8. Imagine Dragons – Radioactive. No. 8 last week.

9. Icona Pop feat. Charli XCX – I Love It. No. 9 last week.

10. Daft Punk feat. Pharrell Williams – Get Lucky. No. 15 last week.

The entire compilation of the Top 10 songs for June 1, 2013 can be viewed below.

Our thanks to BillboardClassic for providing us this week’s Billboard Hot 100 Top 10.

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cartoon, entertainment, Philippines, television

Anime Classics: Doraemon

One of the greatest Anime creations ever, Doraemon is deemed a cultural icon throughout Japan, and a recognizable character worldwide. (Illustration courtesy of Fujiko Fujio)

Every morning I tuned in to GMA 7 to watch Doraemon, and I just kept laughing. There is this blue robotic cat named Doraemon and his sidekick Nobita, who turned to him for help and advice, mostly for the wrong reasons. And there are Nobita’s friends, namely Shizuka, Suneo and Takeshi.  Takeshi, in the Filipino dub of  the anime, is named ‘Damulag’ or fat. For some reason, I still enjoy the program’s comedic value with the emphasis on moral lessons and educational topics.

GMA 7 has been airing Doraemon in the Philippines for over a decade, albeit on an intermittent basis. GMA Network continues to have the rights to the Doraemon anime, so even though they would stop airing for a while, they would keep the rights for future airings. They have also aired Doraemon feature films, albeit in three-part episodes.

The anime is created by Fujiko Fujio, who published the manga for 27 years. The television programs, through three different incarnations, have been airing since 1973, mostly through the TV Asahi network.  Nearly 50 Doraemon feature films have also been released. The Doraemon character is popular around the world, particularly in its native Japan, regardless of generations. In the Philippines, Doraemon merchandise have been a hit with children and adults alike, from keychains to bags and t-shirts, and even ringtones in cellphones.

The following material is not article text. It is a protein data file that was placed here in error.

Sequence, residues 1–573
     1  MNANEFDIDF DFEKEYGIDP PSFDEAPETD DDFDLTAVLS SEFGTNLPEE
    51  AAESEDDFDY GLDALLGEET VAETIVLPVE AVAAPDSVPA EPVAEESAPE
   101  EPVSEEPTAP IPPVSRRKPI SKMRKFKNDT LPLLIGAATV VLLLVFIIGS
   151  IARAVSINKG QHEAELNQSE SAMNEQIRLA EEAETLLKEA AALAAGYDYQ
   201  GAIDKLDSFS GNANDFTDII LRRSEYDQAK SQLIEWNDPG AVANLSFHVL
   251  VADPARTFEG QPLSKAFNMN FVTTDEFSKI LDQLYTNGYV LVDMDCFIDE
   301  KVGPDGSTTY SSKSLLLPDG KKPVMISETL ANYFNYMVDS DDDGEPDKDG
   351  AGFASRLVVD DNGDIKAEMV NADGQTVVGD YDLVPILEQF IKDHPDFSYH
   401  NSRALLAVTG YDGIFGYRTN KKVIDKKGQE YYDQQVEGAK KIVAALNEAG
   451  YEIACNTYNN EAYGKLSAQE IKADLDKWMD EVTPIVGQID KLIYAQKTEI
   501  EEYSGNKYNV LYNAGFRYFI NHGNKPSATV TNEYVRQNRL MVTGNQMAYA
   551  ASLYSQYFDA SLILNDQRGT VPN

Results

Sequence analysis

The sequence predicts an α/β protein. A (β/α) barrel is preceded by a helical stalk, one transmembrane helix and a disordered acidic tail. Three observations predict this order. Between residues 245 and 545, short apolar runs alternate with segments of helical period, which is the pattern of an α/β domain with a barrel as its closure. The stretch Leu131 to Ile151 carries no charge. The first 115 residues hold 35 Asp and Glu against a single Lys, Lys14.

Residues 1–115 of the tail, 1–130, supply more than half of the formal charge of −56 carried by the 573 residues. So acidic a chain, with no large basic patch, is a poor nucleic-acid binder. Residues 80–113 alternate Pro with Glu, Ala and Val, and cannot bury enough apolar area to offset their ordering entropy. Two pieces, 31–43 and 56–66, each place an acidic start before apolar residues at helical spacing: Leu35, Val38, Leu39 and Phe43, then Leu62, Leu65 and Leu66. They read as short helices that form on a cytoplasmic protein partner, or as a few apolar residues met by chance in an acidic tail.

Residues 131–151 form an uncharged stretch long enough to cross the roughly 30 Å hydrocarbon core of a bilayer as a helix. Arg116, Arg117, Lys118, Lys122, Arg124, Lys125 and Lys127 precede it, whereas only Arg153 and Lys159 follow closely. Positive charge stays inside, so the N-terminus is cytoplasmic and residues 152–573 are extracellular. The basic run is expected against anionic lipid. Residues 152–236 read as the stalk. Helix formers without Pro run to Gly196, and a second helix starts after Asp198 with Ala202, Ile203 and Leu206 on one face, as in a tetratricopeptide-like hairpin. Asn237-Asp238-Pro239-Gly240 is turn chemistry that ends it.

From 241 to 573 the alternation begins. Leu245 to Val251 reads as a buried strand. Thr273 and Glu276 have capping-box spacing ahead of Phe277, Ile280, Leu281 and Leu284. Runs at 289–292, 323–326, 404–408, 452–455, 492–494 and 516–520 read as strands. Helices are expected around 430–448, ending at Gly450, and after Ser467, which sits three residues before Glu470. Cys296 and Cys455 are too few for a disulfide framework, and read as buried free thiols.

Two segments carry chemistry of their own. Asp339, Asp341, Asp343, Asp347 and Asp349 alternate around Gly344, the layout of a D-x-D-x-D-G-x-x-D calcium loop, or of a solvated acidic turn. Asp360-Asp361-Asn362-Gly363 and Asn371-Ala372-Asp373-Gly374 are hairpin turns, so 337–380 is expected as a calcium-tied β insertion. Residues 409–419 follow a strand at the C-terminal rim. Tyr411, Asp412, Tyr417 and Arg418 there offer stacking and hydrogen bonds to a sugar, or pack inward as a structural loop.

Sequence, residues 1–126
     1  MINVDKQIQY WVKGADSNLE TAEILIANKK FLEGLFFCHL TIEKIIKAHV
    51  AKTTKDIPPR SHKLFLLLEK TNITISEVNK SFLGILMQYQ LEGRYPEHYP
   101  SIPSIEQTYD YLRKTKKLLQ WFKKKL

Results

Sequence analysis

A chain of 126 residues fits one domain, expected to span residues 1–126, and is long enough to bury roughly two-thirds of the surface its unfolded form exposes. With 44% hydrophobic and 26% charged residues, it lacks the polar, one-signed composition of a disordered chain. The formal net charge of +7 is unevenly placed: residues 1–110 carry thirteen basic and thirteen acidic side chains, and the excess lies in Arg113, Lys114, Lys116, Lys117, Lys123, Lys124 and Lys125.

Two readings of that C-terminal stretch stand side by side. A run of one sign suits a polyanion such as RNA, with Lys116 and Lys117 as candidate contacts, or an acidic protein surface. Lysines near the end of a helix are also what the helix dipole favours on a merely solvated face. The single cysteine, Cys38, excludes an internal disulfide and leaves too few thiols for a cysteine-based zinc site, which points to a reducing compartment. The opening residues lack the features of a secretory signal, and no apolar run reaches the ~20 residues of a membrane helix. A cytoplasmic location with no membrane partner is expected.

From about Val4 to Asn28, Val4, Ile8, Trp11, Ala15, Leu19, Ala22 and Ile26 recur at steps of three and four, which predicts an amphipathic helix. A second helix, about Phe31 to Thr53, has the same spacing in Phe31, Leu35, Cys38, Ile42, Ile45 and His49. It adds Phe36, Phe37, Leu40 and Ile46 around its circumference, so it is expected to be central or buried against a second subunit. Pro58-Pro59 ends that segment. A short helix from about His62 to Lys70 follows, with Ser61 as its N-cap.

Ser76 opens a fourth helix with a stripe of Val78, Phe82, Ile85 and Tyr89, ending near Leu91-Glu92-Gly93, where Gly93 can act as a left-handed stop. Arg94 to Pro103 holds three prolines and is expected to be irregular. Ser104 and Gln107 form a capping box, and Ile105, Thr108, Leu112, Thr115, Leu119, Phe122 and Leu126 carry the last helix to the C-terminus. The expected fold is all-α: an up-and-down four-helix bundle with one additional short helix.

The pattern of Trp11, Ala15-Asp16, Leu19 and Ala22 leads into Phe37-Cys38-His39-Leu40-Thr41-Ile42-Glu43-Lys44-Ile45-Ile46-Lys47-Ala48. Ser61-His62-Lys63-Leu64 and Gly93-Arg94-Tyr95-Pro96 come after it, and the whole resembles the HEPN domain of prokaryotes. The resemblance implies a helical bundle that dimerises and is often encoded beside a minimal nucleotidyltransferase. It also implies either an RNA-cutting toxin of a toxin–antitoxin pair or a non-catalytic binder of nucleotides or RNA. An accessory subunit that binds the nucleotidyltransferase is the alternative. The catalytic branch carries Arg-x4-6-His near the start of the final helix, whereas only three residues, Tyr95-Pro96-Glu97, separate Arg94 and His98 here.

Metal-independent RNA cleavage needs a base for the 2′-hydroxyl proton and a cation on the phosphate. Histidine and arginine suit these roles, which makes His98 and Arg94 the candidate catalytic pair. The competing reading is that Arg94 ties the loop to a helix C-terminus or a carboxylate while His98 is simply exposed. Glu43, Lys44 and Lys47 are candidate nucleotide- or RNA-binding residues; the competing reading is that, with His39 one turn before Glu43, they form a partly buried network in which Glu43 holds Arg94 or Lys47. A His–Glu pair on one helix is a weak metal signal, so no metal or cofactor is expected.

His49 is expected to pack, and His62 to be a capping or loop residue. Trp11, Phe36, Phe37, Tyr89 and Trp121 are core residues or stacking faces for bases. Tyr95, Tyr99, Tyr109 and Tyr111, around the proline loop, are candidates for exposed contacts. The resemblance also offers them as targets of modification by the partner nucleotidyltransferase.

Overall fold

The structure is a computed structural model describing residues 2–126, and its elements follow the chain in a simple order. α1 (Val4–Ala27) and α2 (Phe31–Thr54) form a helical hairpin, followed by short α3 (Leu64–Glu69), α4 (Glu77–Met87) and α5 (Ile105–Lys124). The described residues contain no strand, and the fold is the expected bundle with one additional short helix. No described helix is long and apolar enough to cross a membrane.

One of my favorite Doraemon items is the time carpet. Doraemon and Nobita would go inside the latter’s drawer with the time carpet in hand, and then go time traveling, either to the past or to the future. Doraemon’s emphasis on studying both the past and the future has been a subject of discussion during every episode, and with it comes the experience and knowledge that Nobita learned through each of his travels. Another Doraemon trademark is the food dorayaki, used as a plot device in most episodes.

The secret of Doraemon is in his belly pocket. This is where he retrieves a gadget for Nobita to use in an effort to solve his dilemma. Sometimes however, Nobita would use that object at his own risk, and whenever Suneo and Takeshi sneak in, they would either steal or take advantage of Nobita’s object. Oftentimes it would be Nobita’s mother who scolded him for using the item for the wrong reason. This is where the moral lesson comes in, and it is usually up to Doraemon to remind Nobita of those lessons.

The humorous tone, creative storylines, and the moral lessons that come with it ensured the anime’s popularity and critical acclaim. Even as the manga published its last issue in 1996, its continued exposure through television, film, promotional appearances and merchandise kept Doraemon into the conscience of every Japanese. Today Doraemon is considered one of the greatest creations in the world of Japanese anime.